Our mission partners and benefactors are very essential in the day-to-day life of the missionaries. They play a significant role in helping the Society proclaim the good news to the marginalized and the poor in the form of prayer, financial support or words of encouragement.
Most Columban mission partners live ordinary lives. They are simple people living on a meager income while trying to raise their children and support the family. I was amazed and inspired that despite their simple lifestyles, they still continue to support the Society of St. Columban with joy in their hearts.
One experience in Pakistan reminds me of the generosity of our mission partners. I was assigned to a village for my pastoral exposure in order to know more about our parishioners and experience their daily living. In one of the villages that I was assigned to, I lived in a small mud house. Usually, I would stay in that village for a week; and the villagers would arrange for my meals. In that village, the Parkari Kholi tribe don’t eat breakfast. They usually eat at 11:00 am for breakfast and lunch, then dinner at 6:00 pm. Every day a family was assigned for my brunch and dinner. I remember one Monday when I ate brunch and dinner with one of the families in that village, and we shared stories and experiences.
As I listened to them, I was amazed by their resilience, because despite the hardships in life they continue to live happily. The following Tuesday evening, I was with another family. On my way back at around 8:00 pm, I met the son of the family who hosted me the day before. After greeting each other, I asked him, “Have you already eaten your dinner? He replied, “No Brother Ji.” To which I asked, “Why?” He responded “We have no more flour, and my father will borrow from the landlord tomorrow.” Upon hearing that I felt so sad. Here I was with a full stomach and this young boy was suffering from hunger. I did a little bit of probing, and I discovered that the family who hosted me yesterday budgeted the flour for their family for a week. Since I was their guest they prepared a good chapati (unleavened flat bread) for me using all the flour they had budgeted for the week. It is a heartbreaking reality that this family would sacrifice their welfare and go hungry just for the sake of accommodating me.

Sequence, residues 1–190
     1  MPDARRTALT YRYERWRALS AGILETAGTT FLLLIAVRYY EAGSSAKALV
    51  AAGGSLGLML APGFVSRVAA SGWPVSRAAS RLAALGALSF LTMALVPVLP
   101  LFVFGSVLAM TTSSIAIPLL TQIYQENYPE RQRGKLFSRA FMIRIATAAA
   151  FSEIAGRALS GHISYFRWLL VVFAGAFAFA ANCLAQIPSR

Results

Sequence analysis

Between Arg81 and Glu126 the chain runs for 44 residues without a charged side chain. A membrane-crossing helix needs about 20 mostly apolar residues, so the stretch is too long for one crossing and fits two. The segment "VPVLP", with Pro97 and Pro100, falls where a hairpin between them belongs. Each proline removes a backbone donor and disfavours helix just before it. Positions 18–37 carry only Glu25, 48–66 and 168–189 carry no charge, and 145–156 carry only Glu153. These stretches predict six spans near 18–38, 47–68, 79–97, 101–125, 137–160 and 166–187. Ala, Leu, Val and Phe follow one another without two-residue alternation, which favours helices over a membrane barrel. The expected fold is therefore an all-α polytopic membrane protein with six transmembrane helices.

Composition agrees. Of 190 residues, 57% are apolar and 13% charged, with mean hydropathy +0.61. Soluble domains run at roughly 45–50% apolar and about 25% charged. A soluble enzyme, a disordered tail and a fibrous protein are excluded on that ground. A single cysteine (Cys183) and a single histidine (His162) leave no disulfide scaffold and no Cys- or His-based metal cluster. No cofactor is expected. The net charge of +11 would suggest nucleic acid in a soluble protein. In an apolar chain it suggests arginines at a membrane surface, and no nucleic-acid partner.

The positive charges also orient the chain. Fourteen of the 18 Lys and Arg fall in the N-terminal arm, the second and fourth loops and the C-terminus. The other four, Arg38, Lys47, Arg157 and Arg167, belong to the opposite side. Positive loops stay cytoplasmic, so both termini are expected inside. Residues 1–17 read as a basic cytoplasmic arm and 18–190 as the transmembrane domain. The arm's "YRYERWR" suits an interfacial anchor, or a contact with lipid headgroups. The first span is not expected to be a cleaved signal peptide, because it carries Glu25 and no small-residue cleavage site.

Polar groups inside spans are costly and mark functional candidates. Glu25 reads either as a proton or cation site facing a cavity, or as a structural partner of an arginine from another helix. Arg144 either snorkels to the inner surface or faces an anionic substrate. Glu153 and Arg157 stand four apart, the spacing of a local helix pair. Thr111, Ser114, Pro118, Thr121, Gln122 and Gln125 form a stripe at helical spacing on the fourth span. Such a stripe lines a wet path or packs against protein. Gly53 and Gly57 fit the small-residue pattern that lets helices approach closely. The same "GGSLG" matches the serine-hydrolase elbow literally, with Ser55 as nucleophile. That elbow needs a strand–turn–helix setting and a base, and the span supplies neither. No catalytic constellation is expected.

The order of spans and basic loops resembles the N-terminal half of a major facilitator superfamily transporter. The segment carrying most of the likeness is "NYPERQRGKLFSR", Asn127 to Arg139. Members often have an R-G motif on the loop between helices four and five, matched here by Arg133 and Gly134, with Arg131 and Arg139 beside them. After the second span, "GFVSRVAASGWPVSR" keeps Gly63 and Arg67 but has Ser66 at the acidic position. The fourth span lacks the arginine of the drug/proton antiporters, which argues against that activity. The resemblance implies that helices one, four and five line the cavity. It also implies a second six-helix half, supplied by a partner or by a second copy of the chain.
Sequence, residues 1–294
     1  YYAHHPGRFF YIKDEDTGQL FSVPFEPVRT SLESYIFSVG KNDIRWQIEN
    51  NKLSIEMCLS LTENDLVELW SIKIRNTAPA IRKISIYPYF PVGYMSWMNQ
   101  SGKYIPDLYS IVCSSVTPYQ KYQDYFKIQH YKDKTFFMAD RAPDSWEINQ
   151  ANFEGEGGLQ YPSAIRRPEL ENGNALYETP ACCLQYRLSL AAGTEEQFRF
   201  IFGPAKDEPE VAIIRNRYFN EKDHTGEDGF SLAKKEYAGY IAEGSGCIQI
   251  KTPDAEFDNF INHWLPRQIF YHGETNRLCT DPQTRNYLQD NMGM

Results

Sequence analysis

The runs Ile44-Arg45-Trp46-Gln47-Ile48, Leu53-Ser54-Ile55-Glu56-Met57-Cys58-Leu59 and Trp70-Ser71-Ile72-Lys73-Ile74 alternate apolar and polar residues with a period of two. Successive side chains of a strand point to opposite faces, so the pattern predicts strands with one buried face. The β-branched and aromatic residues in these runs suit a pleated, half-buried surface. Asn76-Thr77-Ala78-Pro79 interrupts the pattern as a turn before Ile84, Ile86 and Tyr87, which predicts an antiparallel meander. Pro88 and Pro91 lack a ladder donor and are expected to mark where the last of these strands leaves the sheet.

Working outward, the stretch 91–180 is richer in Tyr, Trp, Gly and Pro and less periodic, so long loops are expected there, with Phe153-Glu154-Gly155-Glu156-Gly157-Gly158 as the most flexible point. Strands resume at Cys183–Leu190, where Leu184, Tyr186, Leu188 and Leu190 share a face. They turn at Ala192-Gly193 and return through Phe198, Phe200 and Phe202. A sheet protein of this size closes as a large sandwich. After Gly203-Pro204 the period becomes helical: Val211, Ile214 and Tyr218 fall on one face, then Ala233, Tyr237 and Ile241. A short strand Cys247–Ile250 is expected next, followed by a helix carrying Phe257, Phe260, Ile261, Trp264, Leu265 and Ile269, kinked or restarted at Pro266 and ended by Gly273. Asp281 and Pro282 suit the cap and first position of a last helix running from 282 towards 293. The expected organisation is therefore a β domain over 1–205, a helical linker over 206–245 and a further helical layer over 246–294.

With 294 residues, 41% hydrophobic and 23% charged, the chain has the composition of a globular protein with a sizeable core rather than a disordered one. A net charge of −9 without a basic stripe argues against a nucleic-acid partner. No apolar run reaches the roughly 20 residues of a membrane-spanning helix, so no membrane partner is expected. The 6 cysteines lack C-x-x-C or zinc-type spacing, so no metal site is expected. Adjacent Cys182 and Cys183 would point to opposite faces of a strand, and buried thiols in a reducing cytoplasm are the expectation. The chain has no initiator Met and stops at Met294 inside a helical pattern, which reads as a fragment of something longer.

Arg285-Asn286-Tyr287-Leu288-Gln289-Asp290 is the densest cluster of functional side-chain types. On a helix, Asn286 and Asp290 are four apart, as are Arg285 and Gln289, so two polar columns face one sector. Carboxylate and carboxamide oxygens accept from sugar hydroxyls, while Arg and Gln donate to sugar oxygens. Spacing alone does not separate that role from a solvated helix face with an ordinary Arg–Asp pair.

Reflecting on what had happened, I realize that our mission partners and benefactors are doing the same. They are willing to sacrifice something–like eating in a fancy restaurant or going to the zoo–just so they can allot a portion of their money to support Columban mission. Their generosity is commendable because they are willing to let go of things they like in order to help. For me, they are the “saints next door” as Pope Francis has mentioned. They know for a fact that they will not get something tangible in return but still they continue to give. One of the benefactors at one of our mission partner gatherings said to me, “I believe that you are doing God’s work so I will continue to help; and this is my response to God’s graciousness to me.” Those realizations made me appreciate our mission partners and benefactors, and to be grateful to them for all their sacrifices, support and love. They are the sunshine of my life which inspires me to continue this vocation.
Amidst all the difficulties and challenges I know they are at my back tapping me, saying, “You can do it, brother, we are here to support you.” Their graciousness and concern for the mission is tremendous and with that, I continue to remember them in my prayers, thanking God for these good people who energize me mentally, spiritually and physically. “It’s tough in the mission,” is what Columban Fr. Tomas King said, but that toughness is bearable and manageable because of the support, care, love and empowerment that our mission partners and benefactors provide.